This article is published in collaboration with Project Syndicate.
During the last decades of the twentieth century, Silicon Valley was the unparalleled epicenter of high-tech innovation. Other regions tried to imitate its success, but none succeeded. France’s Sophia Antipolis, a top-down attempt by the government to create an innovation hub near Cannes, never evolved beyond its origins as a relatively tranquil technology park – notwithstanding its mythological name, California-like weather, and the surrounding area’s unbeatable gastronomy.
In the twenty-first century, however, Silicon Valley’s competition has gotten fiercer – as reflected by the increasing number of locations affixing the chemical element to their names: Silicon Alley (New York), Silicon Wadi (Tel Aviv), Silicon Sentier (Paris), etc. In London, for example, the emergence of Silicon Roundabout in the late 2000s caught the British government almost by surprise. Now rebranded Tech City, the innovation hub in the old Shoreditch neighborhood has evolved into one of London’s key economic engines and talent magnets.
Similar scripts are playing out around the world. In Berlin, a new startup is said to be founded every 20 minutes. Paris is busy building what will be Europe’s largest incubator at Halle Freyssinet. And in Tel Aviv, the phrase “Startup Nation” has gone from a political slogan to economic reality.
For the first time, “unicorns” (startups that reach a valuation of more than $1 billion) are no longer the exclusive preserve of the United States – a reality that would have been unthinkable only a few years ago. A bright generation of global youth – from Mumbai to Prague to Kenya to Singapore – is betting on innovation, and American venture capital funds, sustained by access to cheap financing, are sating their investment appetites overseas.
There are several factors behind this phenomenon. In a globalized world, capital flows have accelerated and extended their reach. Innovators around the world are able to muster support from traditional venture capitalists or from crowd-funding platforms such as Kickstarter. Ideas move even faster – propelled, sustained, and strengthened by the Internet. And the ability to turn them into reality is keeping pace, as global supply chains and new technologies like 3D printing reduce implementation times.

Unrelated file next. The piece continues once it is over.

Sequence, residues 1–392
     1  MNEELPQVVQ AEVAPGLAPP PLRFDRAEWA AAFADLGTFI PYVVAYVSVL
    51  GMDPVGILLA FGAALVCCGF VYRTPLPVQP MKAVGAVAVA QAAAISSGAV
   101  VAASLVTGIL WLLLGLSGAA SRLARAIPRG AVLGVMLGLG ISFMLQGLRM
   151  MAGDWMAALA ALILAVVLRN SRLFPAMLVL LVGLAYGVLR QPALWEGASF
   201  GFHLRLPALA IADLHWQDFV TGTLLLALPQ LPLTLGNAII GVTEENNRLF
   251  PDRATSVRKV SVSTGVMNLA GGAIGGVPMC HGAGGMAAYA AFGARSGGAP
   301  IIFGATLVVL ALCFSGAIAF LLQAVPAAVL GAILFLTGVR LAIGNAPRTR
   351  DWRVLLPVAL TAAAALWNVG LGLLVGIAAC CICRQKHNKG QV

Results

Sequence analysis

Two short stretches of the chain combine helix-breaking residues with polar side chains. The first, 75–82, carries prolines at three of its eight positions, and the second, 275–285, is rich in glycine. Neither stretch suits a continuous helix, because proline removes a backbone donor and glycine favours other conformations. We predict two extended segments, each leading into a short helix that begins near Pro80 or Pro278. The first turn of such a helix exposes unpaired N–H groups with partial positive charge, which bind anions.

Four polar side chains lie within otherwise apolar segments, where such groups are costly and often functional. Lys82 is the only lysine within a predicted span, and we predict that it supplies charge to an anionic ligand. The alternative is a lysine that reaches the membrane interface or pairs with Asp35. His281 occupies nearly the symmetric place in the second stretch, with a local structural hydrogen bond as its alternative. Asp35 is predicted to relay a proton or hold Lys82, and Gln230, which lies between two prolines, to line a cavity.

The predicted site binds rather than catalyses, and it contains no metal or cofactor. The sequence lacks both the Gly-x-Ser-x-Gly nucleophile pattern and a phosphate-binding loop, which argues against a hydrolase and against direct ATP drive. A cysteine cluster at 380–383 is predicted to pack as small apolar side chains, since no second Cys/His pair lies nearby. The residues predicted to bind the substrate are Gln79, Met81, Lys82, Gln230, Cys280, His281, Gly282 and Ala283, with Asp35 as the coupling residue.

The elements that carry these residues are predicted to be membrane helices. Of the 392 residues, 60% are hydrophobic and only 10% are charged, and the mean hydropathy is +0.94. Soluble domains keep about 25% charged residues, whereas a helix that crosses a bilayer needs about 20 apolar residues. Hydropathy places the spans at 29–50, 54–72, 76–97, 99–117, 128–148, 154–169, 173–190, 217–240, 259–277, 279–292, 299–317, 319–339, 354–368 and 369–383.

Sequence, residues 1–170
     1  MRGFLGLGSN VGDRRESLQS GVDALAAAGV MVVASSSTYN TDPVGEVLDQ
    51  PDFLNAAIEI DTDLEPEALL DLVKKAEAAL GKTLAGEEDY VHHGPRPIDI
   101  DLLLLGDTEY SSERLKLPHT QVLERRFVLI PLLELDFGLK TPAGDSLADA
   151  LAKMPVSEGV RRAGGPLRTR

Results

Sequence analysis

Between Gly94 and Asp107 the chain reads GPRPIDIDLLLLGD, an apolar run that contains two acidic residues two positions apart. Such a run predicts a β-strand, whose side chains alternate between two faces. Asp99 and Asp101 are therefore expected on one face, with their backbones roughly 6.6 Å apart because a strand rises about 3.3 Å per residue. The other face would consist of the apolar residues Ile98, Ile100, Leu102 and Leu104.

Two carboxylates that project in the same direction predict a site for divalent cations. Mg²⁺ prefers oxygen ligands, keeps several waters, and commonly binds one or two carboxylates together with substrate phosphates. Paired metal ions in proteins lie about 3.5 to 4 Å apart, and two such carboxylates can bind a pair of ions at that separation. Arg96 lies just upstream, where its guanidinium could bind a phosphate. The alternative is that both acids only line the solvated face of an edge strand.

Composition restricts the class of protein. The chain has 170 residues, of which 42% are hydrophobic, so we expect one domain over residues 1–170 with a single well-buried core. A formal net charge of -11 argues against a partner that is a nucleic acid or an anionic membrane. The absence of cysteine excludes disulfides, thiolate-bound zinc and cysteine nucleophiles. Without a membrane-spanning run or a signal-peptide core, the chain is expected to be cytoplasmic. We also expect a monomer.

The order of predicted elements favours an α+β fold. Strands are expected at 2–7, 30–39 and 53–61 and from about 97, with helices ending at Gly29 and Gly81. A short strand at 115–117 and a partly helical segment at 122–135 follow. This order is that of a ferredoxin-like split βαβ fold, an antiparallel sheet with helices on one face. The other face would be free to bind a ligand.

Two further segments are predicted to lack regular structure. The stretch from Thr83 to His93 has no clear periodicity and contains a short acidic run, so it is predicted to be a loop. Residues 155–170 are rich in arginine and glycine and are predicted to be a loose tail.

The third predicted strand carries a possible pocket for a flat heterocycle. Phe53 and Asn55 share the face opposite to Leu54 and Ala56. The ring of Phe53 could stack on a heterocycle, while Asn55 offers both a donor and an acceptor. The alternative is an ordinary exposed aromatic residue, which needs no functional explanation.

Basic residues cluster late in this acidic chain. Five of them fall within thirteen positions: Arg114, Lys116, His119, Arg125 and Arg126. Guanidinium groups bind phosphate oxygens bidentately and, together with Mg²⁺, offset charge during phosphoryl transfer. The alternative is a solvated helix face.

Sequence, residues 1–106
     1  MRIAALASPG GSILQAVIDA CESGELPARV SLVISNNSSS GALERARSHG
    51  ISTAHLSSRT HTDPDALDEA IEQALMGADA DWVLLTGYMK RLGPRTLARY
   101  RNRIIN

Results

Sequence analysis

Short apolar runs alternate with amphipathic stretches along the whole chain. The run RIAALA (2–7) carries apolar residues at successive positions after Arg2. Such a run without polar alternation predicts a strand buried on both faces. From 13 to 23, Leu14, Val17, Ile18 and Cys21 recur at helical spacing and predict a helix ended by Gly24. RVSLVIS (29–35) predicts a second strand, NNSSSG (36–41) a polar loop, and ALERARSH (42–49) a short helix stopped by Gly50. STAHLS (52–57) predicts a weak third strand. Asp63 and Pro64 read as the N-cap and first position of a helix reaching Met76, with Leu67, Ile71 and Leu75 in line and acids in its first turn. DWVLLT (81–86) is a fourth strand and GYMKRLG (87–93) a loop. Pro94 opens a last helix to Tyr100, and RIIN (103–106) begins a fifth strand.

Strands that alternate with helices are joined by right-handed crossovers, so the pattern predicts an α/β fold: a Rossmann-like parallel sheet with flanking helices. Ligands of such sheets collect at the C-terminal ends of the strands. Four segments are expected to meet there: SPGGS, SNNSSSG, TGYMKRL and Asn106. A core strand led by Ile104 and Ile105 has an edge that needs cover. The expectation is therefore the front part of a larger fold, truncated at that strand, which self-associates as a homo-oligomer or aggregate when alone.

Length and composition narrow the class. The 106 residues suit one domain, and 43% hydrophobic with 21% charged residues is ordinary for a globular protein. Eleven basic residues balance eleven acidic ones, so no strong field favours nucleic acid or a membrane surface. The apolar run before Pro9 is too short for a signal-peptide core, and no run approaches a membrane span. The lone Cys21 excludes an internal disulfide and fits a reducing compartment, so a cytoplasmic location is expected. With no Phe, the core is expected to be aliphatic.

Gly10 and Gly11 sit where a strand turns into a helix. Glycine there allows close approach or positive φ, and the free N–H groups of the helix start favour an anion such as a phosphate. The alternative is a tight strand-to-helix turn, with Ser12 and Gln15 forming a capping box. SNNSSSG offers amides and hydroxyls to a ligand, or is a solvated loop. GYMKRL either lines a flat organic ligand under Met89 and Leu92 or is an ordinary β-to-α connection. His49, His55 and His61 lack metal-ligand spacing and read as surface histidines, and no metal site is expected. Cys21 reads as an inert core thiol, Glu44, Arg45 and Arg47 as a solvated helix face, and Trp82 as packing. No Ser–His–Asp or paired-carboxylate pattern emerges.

Meanwhile, the Great Recession that followed the 2008 global financial crisis has disrupted traditional industries, while creating a large surplus of creative talent and affordable workspaces. As a highly mobile, well educated, risk-taking workforce converges on urban hubs, the excitement of city life, coupled with the availability of co-working spaces and a variety of supporting mechanisms, helps to sustain innovative momentum.
Former New York City Mayor Michael Bloomberg provided what is perhaps the pithiest summary of the attraction of urban life. Speaking at Stanford University’s 2013 commencement, he quipped, “I believe that more and more Stanford graduates will find themselves moving to Silicon Alley, not only because we’re the hottest new tech scene in the country, but also because there’s more to do on a Friday night than go to the Pizza Hut in Sunnyvale. And you may even be able to find a date with a girl whose name is not Siri” (the digital personal assistant installed on Apple’s handheld devices).
Bloomberg is generally credited as one of the major forces behind Silicon Alley. During his tenure in office, he funded early-stage technology companies, hired the city’s first chief digital officer, and launched a new university to develop high-tech talent. Similar policies are now being implemented in many urban areas, in order to attract a critical mass of creative, technologically savvy people.
Cities, as a recent World Economic Forum report highlights, are rapidly becoming not just drivers of innovation, but also testing grounds for new technologies, such as reprogrammable space, self-driving mobility, urban farming, and intelligent street lighting. Meanwhile, vehicle-hailing apps like Uber and apartment-sharing platforms like Airbnb are demonstrating how cities have become some of the most fertile environments for technological development. That is yet another reason why many new startups are putting down roots in urban centers.
Most likely, this proliferation of innovation is just the beginning. As the Internet continues its penetration of all aspects of our lives, we are entering what the computer scientist Mark Weiser has called the era of “ubiquitous computing” – a time when technology is so prevalent that it “recedes into the background of our lives.” Before long, the digital world and the physical world will be indistinguishable. The era of “Silicon Everywhere” is upon us – and it is taking shape in the world’s cities.
Publication does not imply endorsement of views by the World Economic Forum.
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Author: Carlo Ratti is a member of the World Economic Forum’s Global Agenda Council on Future Cities and the curator of the Future Food District pavilion at the 2015 World Expo in Milan.
Image: An illustration picture shows a projection of binary code on a man holding a laptop computer. REUTERS.